1 comment:

Todd Mayo said...

That has been one her selling points all along. She can, and is willing to bring everyone to the table. She won't have to compromise on issues related to working families and the corporate sector is willing to gamble on compromising with the left rather than be subservient to the mafia-like right-wing fringe who control the Republican party. It is a "non-zero-sum" game. In game theory you know, a zero-sum game is one where, in order for one person to win, somebody else has to lose. A "non-zero-sum" game is a game in which you can win and the person you're playing with can win, as well. Hillary and a Democratic Congress can do this.

A win for labor doesn't mean loss for business. Quite the opposite in fact. A growing middle class here at home means markets for business. Universal Health Coverage is a win for all of us including business. Under Hillary's plan, premiums go down, costs for employers and employees lowers, and in some cases a public plan modeled on Medicare will pick up the slack that the private market has always neglected. So lower costs for health care is also a "non-zero-sum" issue.

And so it goes for a great many issues. That has always been the point. The Democratic party IS the "party of the people." But we've never been anti-business. As I've said before we are pro-responsible-business. When workers and consumers are treated well, paid well, and the "wal-mart" mentality does not prevail, everyone prospers.

And The United States has had particular responsibilities to people not only within our borders who have been left behind, but beyond our borders who otherwise will never catch up if we don't do our part. I think Hillary recognizes this as well. We are all part of the same human family the more that we have a world-view of life as a "non-zero-sum" game, the better they do, the better we'll do.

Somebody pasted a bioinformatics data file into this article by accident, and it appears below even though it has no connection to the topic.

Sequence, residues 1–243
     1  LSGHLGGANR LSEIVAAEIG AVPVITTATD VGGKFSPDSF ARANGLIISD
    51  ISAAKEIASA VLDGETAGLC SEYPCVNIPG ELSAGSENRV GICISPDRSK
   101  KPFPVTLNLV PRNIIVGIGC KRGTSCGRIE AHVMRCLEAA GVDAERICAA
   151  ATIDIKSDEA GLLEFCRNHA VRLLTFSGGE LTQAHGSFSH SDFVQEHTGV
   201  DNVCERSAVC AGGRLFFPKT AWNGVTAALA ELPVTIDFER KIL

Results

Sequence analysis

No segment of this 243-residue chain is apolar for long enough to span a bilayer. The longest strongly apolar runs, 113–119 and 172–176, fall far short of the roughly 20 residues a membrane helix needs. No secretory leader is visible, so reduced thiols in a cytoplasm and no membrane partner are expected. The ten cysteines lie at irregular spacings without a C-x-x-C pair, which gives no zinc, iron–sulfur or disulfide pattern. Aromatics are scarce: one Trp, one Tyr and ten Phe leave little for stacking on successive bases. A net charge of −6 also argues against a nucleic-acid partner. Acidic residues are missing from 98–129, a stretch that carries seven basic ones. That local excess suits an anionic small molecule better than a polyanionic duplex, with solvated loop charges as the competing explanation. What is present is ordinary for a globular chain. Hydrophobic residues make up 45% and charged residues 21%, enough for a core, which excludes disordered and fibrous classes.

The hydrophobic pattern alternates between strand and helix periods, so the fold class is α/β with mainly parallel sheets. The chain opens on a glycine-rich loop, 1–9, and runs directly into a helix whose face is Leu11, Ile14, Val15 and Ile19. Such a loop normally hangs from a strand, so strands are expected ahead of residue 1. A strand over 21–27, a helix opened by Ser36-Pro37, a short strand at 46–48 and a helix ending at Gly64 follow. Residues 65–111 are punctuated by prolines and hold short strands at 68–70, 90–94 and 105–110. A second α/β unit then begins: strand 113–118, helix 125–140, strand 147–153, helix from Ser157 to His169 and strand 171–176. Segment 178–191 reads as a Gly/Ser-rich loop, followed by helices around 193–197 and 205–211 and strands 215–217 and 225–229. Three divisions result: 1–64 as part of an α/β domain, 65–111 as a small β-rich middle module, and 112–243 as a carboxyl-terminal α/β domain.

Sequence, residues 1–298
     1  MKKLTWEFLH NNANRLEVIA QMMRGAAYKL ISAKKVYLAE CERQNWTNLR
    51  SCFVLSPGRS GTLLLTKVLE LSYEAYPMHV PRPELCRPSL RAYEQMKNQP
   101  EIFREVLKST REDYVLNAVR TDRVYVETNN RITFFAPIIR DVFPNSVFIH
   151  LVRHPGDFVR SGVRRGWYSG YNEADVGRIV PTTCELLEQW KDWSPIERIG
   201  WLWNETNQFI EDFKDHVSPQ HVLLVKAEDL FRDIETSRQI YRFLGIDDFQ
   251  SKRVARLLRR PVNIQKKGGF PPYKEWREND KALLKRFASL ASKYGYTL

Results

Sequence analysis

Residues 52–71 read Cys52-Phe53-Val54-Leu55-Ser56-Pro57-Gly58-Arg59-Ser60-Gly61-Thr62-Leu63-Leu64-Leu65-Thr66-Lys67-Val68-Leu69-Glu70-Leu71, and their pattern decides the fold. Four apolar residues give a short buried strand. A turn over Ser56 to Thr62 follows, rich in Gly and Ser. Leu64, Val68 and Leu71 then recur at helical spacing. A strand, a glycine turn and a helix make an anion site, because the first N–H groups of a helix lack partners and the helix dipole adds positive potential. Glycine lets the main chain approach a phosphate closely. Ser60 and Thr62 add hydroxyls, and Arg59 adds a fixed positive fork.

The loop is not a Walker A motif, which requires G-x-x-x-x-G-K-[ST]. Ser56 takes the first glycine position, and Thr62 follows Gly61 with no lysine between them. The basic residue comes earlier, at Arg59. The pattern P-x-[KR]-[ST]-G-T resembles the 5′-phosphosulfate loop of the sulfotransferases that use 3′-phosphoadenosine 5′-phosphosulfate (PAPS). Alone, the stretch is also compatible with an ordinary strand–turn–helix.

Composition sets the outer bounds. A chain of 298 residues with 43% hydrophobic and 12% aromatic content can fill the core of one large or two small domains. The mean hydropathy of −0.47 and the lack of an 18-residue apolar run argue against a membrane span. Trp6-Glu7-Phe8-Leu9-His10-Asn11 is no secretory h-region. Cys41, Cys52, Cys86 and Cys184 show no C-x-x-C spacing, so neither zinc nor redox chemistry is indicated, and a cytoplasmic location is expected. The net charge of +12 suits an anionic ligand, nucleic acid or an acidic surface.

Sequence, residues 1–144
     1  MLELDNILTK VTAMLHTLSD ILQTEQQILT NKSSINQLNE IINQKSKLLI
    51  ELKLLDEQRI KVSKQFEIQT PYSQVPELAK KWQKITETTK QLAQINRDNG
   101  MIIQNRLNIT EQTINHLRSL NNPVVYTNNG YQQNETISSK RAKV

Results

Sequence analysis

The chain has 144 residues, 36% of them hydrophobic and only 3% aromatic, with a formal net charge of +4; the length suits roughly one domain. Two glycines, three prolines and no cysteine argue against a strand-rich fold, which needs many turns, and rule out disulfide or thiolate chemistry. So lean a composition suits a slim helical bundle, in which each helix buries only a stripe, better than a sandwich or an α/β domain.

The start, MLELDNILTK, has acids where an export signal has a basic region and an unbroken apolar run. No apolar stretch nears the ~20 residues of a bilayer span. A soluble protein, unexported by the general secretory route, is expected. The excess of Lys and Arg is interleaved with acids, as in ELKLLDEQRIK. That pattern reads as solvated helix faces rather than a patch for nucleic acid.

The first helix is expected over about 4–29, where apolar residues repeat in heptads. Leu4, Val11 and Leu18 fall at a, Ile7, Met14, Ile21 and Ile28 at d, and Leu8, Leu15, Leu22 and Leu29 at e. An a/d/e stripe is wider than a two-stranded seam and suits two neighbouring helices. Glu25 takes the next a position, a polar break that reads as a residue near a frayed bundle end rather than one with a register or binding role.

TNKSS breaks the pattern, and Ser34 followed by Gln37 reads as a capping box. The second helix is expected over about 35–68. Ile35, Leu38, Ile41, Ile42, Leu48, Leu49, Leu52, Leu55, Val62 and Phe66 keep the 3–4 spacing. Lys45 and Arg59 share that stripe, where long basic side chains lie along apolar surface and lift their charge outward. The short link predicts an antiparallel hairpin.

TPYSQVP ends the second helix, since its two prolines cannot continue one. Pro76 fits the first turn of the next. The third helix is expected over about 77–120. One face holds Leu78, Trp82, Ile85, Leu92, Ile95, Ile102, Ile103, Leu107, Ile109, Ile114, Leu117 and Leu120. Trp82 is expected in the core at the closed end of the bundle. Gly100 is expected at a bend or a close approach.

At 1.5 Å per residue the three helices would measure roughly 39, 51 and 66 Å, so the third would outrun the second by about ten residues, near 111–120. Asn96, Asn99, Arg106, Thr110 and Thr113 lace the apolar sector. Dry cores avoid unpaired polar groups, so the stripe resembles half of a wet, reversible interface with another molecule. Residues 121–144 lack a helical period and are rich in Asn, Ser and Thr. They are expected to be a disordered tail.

And I think that the measure of success is not so much whether you won at somebody else's expense, but whether you got what you wanted because you enabled other people to achieve their dreams and to do what they want.

And I think that Hillary recognizes that we are moving toward a world where more and more, we will find our own victories in the victories of others, because our interdependence forces us to seek "non-zero-sum" solutions in dealing with social and economic inequities. At home and around the world.

That is how we tackle global poverty and inequality. I think that business will become more receptive to the fact that observing workers' rights is good for growth and that protecting workers' rights contributes to economic development.

I really think business leaders are more receptive after being bullied by the right-wing for so long, to this way of thinking and I think Hillary is best-suited to make it all come together since as has been pointed out, she is supported by both Labor and Businnes.

Hillary is win-win for America.